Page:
Tom Hoctor writes that, despite much talk around ‘levelling up’, the government’s response to the pandemic points towards an inability to resolve a long-standing Conservative Party dispute: that between Thatcherism and the more interventive, investment-led approach to the economy which the country needs.
We tend to think of the Labour Party as having the greater dilemma in its relationship to capitalism, but this would be a mistake. I suggested in a recent article that the Conservatives and wider British society need to come to terms with the market, concluding that it might be time to ‘re-evaluate what it can and cannot effectively and efficiently organise’. Arguably, the response to COVID-19 represents just another expression of this unresolved and often unexpressed tension at the heart of the Conservative Party’s economic thinking.
Though it is an oversimplification, it is helpful to think of the Conservatives as split between two positions: the neo-Thatcherite position associated with George Osborne’s austerity programme and the European Research Group (ERG), and a more Thatcher-sceptic wing of the party. Examples of the latter position would include David Cameron’s ‘Compassionate Conservatism’, which later became the ‘Big Society’; Philp Blond’s proposed ‘Red Toryism’; and before that, ‘Civic Conservatism’ and ‘active citizenship’ proposed by David Willetts and Douglas Hurd respectively.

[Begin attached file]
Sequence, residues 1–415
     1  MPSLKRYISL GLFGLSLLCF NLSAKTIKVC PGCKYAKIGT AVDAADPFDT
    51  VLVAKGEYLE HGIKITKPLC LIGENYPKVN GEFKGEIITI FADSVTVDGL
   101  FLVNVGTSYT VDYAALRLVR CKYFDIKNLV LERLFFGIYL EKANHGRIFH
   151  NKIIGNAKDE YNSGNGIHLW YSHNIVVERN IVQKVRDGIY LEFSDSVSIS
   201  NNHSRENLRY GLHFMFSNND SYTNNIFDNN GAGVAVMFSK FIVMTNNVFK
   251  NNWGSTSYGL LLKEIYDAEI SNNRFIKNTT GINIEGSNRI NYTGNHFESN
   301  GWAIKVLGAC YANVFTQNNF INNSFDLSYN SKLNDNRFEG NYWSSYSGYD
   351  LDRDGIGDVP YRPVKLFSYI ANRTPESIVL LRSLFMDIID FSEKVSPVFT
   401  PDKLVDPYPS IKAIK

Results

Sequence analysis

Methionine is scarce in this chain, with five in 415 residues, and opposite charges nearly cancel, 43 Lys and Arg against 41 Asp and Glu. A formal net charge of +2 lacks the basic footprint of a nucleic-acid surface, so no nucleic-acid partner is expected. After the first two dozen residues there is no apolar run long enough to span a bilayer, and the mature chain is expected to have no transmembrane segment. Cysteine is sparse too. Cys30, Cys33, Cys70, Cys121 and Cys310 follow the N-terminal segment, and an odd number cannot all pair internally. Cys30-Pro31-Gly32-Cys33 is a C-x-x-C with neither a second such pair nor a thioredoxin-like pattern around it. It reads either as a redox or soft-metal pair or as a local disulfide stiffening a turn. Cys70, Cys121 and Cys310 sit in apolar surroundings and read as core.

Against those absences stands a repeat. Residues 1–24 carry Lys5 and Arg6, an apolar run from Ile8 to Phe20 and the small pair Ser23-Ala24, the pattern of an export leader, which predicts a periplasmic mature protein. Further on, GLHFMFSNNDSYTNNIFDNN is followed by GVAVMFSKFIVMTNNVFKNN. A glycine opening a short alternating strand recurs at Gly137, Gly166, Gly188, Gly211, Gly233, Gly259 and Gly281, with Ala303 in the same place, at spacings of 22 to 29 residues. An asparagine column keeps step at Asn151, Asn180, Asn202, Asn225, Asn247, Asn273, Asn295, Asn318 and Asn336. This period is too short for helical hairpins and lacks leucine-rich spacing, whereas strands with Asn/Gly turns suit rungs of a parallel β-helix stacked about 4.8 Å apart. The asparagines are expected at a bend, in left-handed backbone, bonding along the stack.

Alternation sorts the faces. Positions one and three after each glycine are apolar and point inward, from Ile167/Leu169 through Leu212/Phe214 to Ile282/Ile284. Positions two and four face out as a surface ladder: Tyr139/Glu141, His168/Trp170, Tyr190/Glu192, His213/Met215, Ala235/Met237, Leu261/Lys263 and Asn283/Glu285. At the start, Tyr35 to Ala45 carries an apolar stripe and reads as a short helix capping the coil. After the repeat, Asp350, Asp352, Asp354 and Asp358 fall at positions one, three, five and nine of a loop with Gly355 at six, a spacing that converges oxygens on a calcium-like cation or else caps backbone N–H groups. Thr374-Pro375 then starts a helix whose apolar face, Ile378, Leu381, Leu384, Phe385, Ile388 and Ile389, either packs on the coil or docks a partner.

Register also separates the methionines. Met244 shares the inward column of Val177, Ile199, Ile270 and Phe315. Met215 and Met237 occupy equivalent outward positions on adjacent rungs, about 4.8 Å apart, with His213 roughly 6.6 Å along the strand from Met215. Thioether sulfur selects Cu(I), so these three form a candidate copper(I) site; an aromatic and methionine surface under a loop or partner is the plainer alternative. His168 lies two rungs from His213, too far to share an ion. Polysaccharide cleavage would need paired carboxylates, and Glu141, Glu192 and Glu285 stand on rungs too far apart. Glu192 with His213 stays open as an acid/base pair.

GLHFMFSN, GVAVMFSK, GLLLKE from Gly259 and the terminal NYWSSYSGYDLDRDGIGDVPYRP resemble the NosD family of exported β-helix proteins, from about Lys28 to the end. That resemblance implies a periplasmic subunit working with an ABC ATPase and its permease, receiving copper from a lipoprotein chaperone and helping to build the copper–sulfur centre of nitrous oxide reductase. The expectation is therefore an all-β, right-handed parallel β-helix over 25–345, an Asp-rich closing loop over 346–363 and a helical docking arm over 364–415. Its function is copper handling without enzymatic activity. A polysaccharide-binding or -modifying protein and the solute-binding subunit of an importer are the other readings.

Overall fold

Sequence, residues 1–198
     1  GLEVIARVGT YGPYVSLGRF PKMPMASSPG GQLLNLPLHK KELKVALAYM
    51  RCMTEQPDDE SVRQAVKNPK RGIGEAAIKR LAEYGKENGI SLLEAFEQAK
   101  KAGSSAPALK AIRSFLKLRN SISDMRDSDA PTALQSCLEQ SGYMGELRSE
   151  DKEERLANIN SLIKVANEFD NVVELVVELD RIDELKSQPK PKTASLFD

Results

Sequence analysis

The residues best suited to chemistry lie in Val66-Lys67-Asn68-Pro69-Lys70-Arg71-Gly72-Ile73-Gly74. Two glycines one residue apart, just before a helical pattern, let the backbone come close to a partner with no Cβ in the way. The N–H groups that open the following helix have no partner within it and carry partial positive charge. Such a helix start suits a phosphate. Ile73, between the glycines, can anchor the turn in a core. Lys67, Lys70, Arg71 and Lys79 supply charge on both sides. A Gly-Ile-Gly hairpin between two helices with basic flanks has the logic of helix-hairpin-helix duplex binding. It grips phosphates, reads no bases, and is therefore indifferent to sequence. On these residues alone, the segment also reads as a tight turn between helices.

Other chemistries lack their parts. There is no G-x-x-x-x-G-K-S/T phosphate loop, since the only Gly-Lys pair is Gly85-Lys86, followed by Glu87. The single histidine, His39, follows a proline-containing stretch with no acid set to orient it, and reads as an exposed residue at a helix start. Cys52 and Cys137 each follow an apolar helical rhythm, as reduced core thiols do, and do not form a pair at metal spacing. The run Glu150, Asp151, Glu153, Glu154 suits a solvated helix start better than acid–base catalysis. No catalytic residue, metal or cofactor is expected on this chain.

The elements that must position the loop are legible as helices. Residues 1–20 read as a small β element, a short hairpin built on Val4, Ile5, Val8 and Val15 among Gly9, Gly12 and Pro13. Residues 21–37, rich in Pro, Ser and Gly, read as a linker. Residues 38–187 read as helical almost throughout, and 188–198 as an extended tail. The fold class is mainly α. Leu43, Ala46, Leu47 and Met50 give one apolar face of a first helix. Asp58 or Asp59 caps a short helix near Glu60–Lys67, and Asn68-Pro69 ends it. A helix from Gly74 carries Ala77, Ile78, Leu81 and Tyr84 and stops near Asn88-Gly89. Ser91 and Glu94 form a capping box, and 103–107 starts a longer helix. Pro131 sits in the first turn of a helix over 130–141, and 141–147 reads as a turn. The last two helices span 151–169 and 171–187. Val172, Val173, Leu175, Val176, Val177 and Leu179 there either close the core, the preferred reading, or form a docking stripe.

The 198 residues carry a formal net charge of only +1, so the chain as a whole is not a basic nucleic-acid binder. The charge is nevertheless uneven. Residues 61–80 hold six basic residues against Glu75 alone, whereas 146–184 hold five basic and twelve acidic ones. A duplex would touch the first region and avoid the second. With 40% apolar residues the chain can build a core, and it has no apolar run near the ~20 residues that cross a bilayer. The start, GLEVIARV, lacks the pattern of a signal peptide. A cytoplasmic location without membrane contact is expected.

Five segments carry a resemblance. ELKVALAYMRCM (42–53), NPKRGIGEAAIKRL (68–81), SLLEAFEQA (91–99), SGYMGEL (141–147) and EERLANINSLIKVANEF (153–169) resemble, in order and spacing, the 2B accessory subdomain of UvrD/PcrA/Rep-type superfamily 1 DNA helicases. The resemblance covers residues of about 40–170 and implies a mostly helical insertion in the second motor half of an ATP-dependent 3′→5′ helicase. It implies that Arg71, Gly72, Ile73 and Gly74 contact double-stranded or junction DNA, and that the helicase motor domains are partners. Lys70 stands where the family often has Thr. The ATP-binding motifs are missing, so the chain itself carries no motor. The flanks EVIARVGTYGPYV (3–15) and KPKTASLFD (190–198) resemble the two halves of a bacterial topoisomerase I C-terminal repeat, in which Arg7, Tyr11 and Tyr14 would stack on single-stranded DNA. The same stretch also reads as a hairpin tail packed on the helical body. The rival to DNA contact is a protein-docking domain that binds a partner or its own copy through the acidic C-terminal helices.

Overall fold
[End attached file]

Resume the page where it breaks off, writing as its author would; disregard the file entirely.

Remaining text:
Much of this alternative economic thinking responded to what Andrew Gamble refers to as the ‘Thatcher myth’. This is the enduring and powerful idea in the Conservative Party that Margaret Thatcher’s electoral popularity and political success stemmed from her personality, dry economic platform, union-bashing and ‘pro-business’ policies.
The Conservative Party itself as well as some commentators have presented Conservative economic thinking under Boris Johnson as a departure from Thatcherite orthodoxy. Nebulous statements about ‘levelling up’ and Rishi Sunak’s stimulus package in response to the COVID-19 pandemic have been offered as evidence that the new approach to the economy is not just talk. However, it may be better to understand this apparently more interventionist approach as the expression of a much longer-running dispute about the nature and working of markets and the concrete nature of the measures themselves. In other words, to understand it as yet another expression of the Conservatives’ difficulty in coming to terms with the market.
Britain is already confronted with the worst recession in the G7 and the scale of the recession resulting from the pandemic so far dwarfs the 2008 financial crisis. It is estimated that the UK economy has already contracted by 20.4% in 2020, compared with the still very high 6% in 2008-09. The government is proposing stimulus measures of £190 billion (9% of GDP). Although such large spending commitments may seem like a serious change from the austerity programme of the Cameron era, they may still not be enough. By way of comparison, the European Union is negotiating a proposed 750€ billion stimulus package (around 5% of EU GDP, in addition to actions taken by national governments). In the United States, measures to the value of $2 trillion have just expired and are likely to be followed up by a further $1 trillion (or more if the Democrats get their way).